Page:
The victim's family is angry about the deal.
Relatives of victim Antinette Keller were not present in court, a show of protest according to a family spokesperson. But prosecutors say the plea deal guarantees significant prison time for the victim's killer.
Friends of the victim's family left the court in tears as 36-year-old William Curl flashed a peace sign as he was driven back to jail.
During the hearing, as Curl stood before a judge, his sister from the back of the courtroom yelled, "Don't take it, Billy! They're railroading you," referring to the plea deal.
"I think that was an unfortunate reaction by his sister," said DeKalb County public defender Tom McCulloch. "Expected, it's natural, but unfortunate."
The deal comes two and a half years after the charred remains of 18-year-old Antinette Keller of Plainfield were found in a DeKalb Park.
Prosecutors say curl was known to frequent that park gave conflicting statements to police and fled the state before his arrest.
Still, prosecutors called the case "challenging,"
"It would have involved a trial without occurrence witnesses, a murder weapon, a time of death, a cause of death, limited forensic evidence, and no confession to the crime of murder," said Richard Schmack, DeKalb County States Attorney.
Under the plea agreement, Curl must serve all 37 years of his sentence.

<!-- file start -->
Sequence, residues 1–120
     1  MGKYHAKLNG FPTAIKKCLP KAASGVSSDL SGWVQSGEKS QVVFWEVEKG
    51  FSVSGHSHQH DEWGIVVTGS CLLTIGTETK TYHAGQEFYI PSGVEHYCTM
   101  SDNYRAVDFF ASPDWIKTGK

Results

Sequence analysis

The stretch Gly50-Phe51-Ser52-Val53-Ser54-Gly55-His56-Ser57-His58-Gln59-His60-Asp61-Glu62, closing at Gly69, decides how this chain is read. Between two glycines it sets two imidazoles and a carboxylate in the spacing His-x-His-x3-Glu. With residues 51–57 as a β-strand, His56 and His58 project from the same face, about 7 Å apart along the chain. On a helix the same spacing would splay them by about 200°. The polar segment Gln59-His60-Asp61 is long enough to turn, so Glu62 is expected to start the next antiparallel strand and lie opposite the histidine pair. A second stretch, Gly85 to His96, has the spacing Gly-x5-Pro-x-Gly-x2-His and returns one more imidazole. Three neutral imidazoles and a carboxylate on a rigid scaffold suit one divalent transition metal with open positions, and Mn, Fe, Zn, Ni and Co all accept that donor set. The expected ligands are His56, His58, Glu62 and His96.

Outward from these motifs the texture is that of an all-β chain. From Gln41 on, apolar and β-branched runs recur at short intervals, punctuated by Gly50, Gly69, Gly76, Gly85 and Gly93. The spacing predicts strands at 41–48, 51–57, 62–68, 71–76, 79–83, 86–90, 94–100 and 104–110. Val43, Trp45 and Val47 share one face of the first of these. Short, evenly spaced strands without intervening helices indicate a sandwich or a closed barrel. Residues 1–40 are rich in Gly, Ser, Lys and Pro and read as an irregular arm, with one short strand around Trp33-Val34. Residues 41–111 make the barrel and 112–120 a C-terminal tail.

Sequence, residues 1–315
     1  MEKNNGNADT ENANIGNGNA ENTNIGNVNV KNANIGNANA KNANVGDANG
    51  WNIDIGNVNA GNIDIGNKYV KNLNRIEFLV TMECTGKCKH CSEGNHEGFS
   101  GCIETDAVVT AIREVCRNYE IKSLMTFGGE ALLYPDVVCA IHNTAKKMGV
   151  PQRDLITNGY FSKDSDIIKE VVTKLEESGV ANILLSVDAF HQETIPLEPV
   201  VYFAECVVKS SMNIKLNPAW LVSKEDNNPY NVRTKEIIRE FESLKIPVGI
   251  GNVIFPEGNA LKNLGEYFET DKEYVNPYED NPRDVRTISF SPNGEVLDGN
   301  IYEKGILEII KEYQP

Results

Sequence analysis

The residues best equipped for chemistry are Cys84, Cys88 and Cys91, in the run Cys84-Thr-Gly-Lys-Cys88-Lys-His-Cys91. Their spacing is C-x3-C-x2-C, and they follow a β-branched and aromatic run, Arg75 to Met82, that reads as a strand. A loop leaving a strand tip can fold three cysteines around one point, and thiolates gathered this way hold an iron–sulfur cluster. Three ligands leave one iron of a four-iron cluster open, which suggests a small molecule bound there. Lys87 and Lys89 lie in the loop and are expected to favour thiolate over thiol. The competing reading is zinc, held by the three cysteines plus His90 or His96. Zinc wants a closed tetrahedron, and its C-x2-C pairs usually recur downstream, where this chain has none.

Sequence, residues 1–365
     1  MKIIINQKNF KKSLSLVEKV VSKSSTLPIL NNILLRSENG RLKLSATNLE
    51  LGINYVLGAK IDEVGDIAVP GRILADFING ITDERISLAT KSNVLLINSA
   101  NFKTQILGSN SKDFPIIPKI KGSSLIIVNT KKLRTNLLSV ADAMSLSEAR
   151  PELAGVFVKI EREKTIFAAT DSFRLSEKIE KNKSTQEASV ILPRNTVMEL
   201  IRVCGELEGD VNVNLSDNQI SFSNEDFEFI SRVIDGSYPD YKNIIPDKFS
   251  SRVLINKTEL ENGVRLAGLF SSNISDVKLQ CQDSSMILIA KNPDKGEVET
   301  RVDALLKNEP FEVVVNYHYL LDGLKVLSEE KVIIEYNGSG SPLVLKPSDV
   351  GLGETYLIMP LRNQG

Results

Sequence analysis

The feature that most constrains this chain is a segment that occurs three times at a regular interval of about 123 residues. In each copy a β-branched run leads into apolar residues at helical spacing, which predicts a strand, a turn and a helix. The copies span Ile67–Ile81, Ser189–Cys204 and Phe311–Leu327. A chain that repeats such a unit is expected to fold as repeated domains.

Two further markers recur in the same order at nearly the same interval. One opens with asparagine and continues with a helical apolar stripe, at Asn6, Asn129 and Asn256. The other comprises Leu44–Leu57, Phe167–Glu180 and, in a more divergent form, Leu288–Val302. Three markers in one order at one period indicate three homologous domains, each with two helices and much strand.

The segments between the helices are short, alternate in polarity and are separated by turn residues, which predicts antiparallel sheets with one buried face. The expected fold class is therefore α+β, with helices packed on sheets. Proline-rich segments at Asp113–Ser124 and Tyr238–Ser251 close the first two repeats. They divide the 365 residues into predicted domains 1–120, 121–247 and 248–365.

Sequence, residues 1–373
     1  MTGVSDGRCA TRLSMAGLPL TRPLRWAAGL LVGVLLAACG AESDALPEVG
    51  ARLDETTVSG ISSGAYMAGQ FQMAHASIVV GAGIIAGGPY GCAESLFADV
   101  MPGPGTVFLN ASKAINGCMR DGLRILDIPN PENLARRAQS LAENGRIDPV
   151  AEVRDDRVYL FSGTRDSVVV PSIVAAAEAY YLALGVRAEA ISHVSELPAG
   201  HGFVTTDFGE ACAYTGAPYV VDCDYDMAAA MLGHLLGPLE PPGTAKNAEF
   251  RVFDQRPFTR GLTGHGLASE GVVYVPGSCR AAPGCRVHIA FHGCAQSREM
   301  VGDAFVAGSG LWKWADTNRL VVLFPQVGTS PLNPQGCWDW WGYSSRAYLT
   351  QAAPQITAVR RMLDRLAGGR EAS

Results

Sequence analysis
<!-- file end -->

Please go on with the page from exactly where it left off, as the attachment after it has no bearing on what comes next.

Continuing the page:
But the plea is a so-called "Alford plea," which essentially means he doesn't have to admit guilt, something the State's Attorney said he agreed to in exchange for a longer sentence.
Wednesday, Curl's attorney said his client maintains his innocence.
"He has a story about that and about how he was concerned that the cops would railroad him," McCulloch said.
Wednesday, former DeKalb State's Attorney Clay Campbell, who worked on the case for two years before losing last fall's election, called the 37 year sentence "outrageous."
"I think it diminishes human life, and it dishonors the memory of the victim," Campbell said.
Curl will be 71 years old when his sentence is complete. Exactly where he will serve his time has not yet been announced.
Prosecutors say it's one of the longest terms ever secured in the county by plea deal, but it is not enough for the family.